Microsoft's 'smart elevator' knows where you're going

In a recent Bloomberg Television interview, Head of Microsoft Research Peter Lee described his company's latest achievement: An elevator that uses AI to figure out which floor you're going to.

Microsoft is currently working on a suite of applications and 'smart devices' that, instead of being operated directly, intuitively work on a user's behalf.

To work, the smart elevator uses sensors to watch what people are doing. Remarkably, it's not equipped with any prior programming, nor does it use facial recognition software. It's simply a learning algorithm that studies behavior.

So, by studying the motions of people in hallways, it learns that certain types of people go to certain places at certain times of the day. It's an intelligent system that seeks to understand people's intentions.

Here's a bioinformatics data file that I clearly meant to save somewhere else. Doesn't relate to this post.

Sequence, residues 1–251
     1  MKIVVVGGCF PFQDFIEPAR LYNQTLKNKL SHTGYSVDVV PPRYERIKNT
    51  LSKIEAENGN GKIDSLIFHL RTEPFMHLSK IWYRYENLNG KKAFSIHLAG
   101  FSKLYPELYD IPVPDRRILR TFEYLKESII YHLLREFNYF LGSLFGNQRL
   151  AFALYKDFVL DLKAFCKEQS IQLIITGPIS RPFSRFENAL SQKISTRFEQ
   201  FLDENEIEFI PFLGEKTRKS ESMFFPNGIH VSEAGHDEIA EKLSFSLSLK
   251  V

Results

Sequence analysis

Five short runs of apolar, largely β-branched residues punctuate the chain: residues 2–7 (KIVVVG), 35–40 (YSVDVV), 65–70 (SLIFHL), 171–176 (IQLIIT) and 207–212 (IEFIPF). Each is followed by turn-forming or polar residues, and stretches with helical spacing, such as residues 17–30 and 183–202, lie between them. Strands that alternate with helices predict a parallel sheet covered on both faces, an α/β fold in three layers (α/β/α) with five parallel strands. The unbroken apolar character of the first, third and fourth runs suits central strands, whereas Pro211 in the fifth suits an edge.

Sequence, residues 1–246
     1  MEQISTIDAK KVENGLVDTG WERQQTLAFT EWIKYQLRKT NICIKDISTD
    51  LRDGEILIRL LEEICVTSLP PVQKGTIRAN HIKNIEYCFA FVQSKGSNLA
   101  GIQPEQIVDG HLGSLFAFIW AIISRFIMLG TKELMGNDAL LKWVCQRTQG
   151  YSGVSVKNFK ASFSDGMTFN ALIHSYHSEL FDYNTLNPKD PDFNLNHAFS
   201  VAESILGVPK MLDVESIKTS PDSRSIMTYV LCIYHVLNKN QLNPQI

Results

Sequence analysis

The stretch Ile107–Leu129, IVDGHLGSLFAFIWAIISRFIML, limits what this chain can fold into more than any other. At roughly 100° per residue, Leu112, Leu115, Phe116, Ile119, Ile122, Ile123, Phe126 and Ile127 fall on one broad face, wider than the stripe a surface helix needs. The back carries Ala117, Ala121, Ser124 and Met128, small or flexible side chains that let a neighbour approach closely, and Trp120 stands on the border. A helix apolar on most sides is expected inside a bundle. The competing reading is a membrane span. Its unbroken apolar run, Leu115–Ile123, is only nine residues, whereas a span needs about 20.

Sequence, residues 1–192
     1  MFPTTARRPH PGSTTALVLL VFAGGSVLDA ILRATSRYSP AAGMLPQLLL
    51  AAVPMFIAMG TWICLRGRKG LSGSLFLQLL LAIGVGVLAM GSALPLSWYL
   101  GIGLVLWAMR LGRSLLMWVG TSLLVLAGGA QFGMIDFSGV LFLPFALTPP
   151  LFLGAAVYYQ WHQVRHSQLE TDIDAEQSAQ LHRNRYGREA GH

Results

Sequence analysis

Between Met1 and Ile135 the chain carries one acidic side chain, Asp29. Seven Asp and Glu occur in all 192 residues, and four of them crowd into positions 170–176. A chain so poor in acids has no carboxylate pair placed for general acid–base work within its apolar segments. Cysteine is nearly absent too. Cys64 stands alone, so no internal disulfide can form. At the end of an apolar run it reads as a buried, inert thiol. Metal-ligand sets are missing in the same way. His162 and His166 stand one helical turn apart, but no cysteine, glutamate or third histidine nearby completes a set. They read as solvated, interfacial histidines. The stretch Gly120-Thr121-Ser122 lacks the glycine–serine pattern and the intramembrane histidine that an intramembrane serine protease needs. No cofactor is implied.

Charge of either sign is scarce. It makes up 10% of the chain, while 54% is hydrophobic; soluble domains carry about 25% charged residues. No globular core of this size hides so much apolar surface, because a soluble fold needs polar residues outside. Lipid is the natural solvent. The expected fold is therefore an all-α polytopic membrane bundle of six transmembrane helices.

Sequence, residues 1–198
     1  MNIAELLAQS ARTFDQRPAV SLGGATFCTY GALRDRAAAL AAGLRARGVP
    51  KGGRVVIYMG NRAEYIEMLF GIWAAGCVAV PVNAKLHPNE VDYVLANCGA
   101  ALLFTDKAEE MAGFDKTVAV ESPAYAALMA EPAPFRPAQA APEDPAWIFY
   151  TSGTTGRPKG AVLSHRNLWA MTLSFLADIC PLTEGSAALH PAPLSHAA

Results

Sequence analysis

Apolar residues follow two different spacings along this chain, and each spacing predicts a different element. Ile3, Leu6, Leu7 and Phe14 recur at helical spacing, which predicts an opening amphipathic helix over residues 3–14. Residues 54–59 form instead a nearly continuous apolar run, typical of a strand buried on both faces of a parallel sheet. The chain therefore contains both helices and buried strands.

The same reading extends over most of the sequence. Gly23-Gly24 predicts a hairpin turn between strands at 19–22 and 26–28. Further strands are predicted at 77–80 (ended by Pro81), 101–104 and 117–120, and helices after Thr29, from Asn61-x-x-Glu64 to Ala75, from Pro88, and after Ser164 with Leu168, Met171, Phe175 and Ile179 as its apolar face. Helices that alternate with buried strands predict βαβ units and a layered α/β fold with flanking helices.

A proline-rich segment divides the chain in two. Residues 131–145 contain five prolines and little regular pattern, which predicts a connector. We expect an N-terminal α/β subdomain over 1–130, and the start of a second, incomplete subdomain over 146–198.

"If your environment knows, for example, that it's lunch time, that you had spoken yesterday about having lunch with a colleague on the second floor, and that it notices that you seem to be now leaving your office to go to the elevator, the elevator can be smart enough to take you, without your need to operate anything, to your colleague," said Lee.

Once the three month training period ended, the developers put the elevator into practice — and it correctly intuited the destinations of its passengers. In the future, Lee says the system could get even better with the introduction of more sensors, including those affixed to the building or embedded in wearables.

Here's the entire interview with Lee:

Image: Sashkin/Shutterstock.